Epinasty is the increased growth of the upper surface of a plant part, such as a leaf, resulting in a downward bending of the part. Photo: Tom Ford
Recently, a Pennsylvania grower sold on the high efficiency rating of a vent-free unit purchased and installed one in his tomato greenhouse. For those unfamiliar with these units they utilize a motorized fresh air inlet that transports fresh outside air into the unit to aid in the combustion of the propane or natural gas fuel.
The grower thought that the vent-free heater sounded great since it would combine 90% fuel efficiency with the added benefit of injecting growth enhancing CO2 into the greenhouse environment. While this specific unit looked good on paper the real impact of this purchase would be seen months later when cropping problems would be observed.
Traditional unit heaters are vented to the outside to allow for the transport of flue gases and water vapor to the outdoor environment. Flue gases can contain air pollutants like sulfur dioxide and ethylene. If these flue gases enter the growing space, they can result in flower and leaf abscission, epinasty (the downward bending of stems), foliar burn, and yield loss. Vented heaters tend to be less efficient than the vent-free heaters because some of the heat generated through combustion is also conducted up the vent-pipe and is lost to the outdoor environment.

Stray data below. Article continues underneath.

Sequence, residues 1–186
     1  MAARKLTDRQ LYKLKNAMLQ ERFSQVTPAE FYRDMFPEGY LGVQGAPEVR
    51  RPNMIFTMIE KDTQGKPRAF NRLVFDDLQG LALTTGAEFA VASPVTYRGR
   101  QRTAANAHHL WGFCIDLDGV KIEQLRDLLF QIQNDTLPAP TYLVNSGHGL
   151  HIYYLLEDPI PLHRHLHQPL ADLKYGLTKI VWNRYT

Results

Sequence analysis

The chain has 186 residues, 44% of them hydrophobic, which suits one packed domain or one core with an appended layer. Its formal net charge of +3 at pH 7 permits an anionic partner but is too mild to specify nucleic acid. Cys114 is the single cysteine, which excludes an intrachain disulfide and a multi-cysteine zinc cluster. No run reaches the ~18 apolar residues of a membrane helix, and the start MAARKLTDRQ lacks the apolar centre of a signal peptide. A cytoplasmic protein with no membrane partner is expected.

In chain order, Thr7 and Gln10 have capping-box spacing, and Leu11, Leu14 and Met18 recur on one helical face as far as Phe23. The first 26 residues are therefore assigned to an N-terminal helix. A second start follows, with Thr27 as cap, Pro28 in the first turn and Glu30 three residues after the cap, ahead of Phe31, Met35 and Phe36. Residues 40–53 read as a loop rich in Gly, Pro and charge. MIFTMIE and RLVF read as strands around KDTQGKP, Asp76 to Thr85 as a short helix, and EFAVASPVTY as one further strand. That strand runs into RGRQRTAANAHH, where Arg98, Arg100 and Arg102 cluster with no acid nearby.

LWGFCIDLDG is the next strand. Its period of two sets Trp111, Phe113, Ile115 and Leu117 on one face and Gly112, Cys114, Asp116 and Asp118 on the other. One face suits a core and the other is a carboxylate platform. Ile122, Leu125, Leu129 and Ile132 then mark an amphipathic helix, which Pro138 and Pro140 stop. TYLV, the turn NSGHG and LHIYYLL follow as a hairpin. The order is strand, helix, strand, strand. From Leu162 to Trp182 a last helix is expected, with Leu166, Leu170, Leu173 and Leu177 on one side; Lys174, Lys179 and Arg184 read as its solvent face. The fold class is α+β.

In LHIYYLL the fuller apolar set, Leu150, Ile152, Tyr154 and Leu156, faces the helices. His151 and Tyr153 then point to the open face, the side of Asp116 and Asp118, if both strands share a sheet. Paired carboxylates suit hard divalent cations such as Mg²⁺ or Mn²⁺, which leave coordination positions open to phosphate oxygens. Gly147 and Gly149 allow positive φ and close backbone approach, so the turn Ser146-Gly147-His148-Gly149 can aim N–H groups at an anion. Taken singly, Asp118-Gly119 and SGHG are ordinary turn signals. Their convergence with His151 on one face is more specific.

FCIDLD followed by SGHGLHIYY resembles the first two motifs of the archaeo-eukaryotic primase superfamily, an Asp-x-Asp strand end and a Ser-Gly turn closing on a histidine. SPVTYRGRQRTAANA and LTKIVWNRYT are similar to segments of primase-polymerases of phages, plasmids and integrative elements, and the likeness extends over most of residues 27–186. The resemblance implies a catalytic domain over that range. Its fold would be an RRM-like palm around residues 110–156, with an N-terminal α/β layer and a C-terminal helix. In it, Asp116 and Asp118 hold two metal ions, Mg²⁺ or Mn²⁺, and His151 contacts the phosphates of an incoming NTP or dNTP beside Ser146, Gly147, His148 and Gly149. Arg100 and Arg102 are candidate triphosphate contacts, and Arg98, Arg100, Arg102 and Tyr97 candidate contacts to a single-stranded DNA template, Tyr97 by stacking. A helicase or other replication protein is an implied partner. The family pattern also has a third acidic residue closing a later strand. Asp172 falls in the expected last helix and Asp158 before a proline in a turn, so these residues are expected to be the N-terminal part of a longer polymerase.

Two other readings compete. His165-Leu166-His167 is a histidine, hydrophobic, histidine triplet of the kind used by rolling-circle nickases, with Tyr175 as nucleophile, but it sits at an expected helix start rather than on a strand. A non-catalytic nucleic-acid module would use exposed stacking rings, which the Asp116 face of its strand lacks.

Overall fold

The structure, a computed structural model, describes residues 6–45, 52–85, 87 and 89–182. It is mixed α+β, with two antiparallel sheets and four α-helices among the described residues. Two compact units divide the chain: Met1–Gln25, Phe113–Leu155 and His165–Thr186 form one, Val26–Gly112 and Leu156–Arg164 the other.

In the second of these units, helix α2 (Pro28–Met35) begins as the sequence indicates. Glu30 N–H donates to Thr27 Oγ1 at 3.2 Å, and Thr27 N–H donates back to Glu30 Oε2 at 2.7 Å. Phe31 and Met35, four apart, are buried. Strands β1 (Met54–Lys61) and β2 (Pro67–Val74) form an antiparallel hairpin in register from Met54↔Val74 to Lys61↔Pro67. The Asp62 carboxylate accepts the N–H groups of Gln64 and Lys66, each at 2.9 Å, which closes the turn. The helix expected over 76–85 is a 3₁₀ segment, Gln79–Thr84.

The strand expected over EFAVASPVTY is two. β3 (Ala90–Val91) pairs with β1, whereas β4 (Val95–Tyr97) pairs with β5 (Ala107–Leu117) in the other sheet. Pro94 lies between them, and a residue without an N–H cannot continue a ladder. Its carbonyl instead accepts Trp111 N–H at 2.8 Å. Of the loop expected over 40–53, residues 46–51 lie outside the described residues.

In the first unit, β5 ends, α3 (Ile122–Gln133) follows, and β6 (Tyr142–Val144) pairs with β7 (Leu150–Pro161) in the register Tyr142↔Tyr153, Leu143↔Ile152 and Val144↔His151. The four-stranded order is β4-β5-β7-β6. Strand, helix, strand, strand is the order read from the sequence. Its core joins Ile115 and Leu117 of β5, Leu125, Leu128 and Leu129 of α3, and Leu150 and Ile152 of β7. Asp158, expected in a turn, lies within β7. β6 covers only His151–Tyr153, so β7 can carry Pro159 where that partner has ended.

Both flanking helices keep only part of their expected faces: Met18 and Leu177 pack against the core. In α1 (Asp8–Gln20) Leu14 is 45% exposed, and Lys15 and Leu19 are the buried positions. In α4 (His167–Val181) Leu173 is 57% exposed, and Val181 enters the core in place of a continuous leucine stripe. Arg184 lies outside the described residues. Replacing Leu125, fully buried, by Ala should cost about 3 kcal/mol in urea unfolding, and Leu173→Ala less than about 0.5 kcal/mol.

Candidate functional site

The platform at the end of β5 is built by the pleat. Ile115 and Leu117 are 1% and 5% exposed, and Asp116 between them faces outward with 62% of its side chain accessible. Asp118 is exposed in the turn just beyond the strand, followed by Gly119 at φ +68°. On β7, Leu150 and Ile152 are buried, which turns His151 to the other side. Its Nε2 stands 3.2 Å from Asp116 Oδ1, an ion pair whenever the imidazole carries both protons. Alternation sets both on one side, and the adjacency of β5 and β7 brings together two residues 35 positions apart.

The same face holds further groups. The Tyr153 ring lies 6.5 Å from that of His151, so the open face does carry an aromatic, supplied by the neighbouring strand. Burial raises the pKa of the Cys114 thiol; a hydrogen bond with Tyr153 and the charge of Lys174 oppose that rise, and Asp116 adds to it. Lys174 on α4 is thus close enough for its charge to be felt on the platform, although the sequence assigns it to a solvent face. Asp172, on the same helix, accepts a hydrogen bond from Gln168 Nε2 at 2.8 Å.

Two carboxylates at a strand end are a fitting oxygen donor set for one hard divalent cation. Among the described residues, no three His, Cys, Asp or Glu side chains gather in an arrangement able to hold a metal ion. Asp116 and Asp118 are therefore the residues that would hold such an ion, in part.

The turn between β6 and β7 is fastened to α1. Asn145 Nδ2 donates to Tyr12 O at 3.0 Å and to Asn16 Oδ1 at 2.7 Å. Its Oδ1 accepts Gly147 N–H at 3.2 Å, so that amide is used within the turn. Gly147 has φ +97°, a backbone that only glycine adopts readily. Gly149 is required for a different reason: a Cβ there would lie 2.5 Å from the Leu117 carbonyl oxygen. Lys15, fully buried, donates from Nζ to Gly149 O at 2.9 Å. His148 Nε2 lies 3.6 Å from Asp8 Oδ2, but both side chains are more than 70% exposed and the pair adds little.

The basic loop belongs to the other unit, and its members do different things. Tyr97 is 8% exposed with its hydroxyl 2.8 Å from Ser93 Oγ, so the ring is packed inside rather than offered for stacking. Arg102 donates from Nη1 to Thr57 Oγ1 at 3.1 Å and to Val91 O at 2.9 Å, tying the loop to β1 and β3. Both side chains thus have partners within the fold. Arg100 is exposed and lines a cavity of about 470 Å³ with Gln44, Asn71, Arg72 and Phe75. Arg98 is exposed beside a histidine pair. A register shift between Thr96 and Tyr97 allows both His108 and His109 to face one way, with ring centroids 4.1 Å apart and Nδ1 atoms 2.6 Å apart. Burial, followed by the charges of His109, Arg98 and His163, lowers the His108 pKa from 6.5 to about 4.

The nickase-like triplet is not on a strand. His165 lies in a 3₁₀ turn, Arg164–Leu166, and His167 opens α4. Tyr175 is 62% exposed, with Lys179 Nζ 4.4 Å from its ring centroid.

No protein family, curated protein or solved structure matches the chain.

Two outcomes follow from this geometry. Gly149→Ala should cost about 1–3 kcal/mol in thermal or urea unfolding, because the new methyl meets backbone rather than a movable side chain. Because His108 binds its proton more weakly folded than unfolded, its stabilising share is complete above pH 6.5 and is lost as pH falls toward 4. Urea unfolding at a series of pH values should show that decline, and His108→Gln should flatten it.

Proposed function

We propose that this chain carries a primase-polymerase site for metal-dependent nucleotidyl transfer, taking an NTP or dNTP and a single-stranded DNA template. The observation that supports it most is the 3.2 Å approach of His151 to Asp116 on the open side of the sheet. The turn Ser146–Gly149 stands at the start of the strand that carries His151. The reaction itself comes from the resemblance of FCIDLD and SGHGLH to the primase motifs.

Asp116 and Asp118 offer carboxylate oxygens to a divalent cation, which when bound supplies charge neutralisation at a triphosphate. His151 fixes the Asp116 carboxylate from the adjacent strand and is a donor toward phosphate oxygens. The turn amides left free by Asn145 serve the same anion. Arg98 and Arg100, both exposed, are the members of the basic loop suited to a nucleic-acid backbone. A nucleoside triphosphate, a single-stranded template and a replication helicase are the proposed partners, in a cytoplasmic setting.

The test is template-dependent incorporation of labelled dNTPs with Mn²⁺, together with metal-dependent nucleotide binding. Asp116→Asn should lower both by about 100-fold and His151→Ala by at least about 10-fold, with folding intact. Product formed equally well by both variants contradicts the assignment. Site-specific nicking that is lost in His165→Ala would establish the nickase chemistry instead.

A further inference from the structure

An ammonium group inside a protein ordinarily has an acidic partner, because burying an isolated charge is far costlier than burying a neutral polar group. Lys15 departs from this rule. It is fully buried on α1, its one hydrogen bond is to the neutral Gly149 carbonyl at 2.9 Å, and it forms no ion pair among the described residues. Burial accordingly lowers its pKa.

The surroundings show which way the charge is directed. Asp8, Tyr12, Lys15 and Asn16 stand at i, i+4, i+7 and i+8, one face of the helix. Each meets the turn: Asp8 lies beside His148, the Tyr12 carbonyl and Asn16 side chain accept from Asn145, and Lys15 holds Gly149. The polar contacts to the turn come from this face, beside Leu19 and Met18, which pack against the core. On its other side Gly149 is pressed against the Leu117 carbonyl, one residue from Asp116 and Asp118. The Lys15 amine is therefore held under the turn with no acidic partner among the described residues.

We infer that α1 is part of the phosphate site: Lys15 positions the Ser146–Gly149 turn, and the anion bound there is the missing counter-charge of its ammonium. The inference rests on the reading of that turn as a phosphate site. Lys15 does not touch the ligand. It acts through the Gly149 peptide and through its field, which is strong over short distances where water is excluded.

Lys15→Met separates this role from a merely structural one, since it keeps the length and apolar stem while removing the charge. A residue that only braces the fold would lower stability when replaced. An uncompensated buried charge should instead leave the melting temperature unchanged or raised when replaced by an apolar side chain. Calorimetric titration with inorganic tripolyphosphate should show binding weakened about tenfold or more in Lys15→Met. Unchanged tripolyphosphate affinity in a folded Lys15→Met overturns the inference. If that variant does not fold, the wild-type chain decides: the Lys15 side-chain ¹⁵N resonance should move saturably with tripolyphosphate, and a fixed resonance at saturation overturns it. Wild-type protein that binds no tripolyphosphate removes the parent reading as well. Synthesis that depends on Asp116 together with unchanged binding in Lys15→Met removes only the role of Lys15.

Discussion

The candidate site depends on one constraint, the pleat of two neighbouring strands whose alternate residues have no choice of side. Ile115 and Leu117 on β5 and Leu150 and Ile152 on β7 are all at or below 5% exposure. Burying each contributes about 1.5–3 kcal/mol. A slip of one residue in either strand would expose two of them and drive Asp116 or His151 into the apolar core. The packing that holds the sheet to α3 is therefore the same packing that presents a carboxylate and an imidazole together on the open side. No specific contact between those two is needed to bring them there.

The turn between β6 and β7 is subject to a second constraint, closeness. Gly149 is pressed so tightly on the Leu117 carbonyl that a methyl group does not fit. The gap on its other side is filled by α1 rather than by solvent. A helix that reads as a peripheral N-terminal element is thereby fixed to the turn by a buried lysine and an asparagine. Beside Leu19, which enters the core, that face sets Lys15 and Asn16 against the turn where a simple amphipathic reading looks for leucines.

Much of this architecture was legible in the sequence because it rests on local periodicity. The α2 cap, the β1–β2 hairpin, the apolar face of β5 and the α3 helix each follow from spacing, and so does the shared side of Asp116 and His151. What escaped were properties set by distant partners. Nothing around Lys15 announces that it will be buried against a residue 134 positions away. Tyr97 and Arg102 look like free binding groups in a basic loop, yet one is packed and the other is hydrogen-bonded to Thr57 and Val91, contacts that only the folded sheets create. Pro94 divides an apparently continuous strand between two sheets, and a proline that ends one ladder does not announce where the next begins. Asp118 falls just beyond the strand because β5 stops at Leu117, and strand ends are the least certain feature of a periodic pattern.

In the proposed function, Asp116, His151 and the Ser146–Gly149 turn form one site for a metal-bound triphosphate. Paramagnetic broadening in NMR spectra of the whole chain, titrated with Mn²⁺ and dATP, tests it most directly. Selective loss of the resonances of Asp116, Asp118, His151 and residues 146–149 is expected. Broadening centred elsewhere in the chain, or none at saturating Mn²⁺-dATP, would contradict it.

Tomato plant exhibiting signs of ethyene injury. Photo: Tom Ford
Vent-free heaters are designed to minimize the byproducts from combustion while limiting heat loss to the outside environment. Vent-free heaters also produce water vapor which may increase the relative humidity in the greenhouse structure. Increases in relative humidity in the greenhouse environment may encourage condensation to form on the interior of the greenhouse film which could reduce light transmission to the growing crops. Reductions in light transmission may impact crop quality while elevated greenhouse humidity levels could increase the risk of foliar infection from diseases like leaf mold and pollination related fruiting issues.
Ethylene is a colorless, odorless gas that can injure some plants at very low levels (.05 to. 01 ppm). As the level of ethylene increases in the greenhouse atmosphere the observable severity of plant injury increases. The installation of an old school distribution tube (fan jet system) in the greenhouse will dilute the flue gases while mixing the air inside the structure. This practice should lessen the risk of plant injury in greenhouses where vent-free heating technologies have been employed.